It is essential that your qualifying relative submit a personal statement that describes in detail all of the hardship that he/she will experience if you are not granted an I-601 waiver. Your waiver application cannot succeed without this critical item of evidence, because it is the centerpiece of the entire application. It is best to have this statement drafted by a skilled and experienced immigration attorney and signed by your qualifying relative.
Other evidence that you might submit includes:
- Your own personal statement, especially one that includes a statement of conditions in your home country if they would cause hardship to your qualifying relative were he/she to relocate there;
- Country reports, preferably issued by the U.S. Department of State, Amnesty International, or some other reputable organization, that detail the conditions in your home country that may be relevant to your claim;
- Letters from doctors or other health care providers concerning the health of you or your qualifying relative, to the extent that your hardship claim is medically related;
- Copies of tax returns and other financial documents that may establish the economic circumstances that are relevant to your hardship claim;
- Copies of your qualifying relative’s educational and professional credentials;
Media reports (news articles, etc.) that report on events in your home country, that may be relevant to your hardship claim;
- Letters from third parties such as therapists, relatives, and close friends, that may serve to confirm the specific elements of your hardship claim.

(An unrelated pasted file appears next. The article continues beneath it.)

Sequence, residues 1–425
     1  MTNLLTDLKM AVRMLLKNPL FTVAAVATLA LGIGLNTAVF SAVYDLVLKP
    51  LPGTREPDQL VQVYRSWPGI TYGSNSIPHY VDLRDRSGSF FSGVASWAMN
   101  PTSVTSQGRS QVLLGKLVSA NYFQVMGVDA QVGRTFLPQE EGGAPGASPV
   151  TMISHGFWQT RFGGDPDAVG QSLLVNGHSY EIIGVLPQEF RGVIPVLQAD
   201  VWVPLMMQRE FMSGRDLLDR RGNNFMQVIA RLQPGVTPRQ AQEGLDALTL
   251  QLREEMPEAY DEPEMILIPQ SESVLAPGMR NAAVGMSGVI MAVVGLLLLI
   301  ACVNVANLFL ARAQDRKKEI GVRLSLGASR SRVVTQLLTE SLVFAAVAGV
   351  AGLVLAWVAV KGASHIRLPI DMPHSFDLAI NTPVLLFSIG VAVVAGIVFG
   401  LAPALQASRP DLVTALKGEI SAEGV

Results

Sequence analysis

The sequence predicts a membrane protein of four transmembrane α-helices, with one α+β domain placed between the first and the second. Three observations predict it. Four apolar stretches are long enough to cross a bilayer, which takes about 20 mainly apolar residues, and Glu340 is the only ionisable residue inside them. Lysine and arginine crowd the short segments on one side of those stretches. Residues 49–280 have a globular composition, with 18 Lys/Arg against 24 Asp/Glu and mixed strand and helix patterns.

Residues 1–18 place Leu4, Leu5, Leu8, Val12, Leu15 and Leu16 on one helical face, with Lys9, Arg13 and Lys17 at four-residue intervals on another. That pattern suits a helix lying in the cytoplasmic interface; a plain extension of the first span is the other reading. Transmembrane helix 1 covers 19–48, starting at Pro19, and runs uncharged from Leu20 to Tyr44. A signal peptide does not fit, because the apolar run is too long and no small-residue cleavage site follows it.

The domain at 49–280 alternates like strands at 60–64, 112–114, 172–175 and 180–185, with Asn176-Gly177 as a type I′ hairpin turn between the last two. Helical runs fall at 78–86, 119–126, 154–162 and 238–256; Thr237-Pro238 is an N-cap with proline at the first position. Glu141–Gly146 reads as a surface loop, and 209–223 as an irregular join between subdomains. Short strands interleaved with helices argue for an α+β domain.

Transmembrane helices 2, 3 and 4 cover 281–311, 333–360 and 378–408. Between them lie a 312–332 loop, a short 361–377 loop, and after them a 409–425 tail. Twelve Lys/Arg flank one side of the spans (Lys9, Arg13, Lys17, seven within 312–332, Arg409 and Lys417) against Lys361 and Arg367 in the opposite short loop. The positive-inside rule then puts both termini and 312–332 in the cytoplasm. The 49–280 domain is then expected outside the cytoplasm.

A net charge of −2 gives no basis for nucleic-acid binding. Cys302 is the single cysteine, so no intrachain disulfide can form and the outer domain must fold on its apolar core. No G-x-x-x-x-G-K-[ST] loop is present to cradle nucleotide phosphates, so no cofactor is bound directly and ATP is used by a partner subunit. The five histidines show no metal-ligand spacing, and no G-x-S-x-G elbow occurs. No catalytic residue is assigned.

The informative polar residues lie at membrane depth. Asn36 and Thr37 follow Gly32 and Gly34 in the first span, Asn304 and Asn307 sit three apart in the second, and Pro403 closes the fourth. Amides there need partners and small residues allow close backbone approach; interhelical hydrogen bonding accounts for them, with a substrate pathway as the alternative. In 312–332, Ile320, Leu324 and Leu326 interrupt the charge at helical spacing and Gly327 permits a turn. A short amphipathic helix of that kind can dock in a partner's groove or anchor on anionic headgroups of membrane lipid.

Try to back up every statement or claim that appears in the hardship waiver application with solid evidence. You may need to organize your evidence into separate exhibits, so that you may refer to them in your application by their exhibit number. The easier you make it for the USCIS to understand your application and your claims, the more likely you are to be successful.
The Heman Legal Group
At the Herman Legal Group, we are no “new kids on the block.” We’ve been practicing immigration law for over a quarter of a century now, longer than some of our clients have been alive. We have helped many clients deal with the USCIS, the National Visa Center, and US embassies and consulates overseas.
Our firm was founded by nationally-known immigration attorney and author Richard Herman.
Richard has published on immigration topics by the Huffington Post, the New York Times, and many other prominent publications.
Frequently Asked Questions (FAQs)
I don’t speak English well. Will I need to hire a translator to communicate with you effectively?
Probably not. Our attorneys and staff are fluent in over a dozen languages, representing more than half the world’s population. Languages we speak (in addition to English) include Mandarin Chinese, Spanish, Russian, Arabic, and several other languages.
How is the Herman Legal Group regarded by clients and peers?
Good enough to be named “Best Law Firm” in the immigration law category by the US News and World Report. Our long track record of success has earned us respect in many quarters.
Couldn’t I save some money by trusting my case to an immigration consultant of a notario instead of a fully qualified immigration lawyer?
Perhaps, but remember — you get what you pay for. “Immigration consultants” and “notarios” are amateurs, not professionals. Many offer services that amount to nothing more than filling out immigration forms for people with limited English language ability. Even if they do possess certain skills, they are likely to miss nuances that could make all the difference in your case. You wouldn’t cut corners with a neurosurgeon — don’t do it with an immigration lawyer either.
Contact Us Today
If you need help filing for a hardship waiver, or if you have other immigration needs, contact us any time from anywhere in the world by calling (+1) (800) 808-4013 or (+1)(614) 300-1131 or by completing our online contact form). Although we serve clients nationwide, if you are in Ohio or Michigan, you could visit one of our offices in Columbus, Cleveland, or Detroit. No matter how you contact us, be aware that we can schedule you a free, confidential initial consultation if you need one.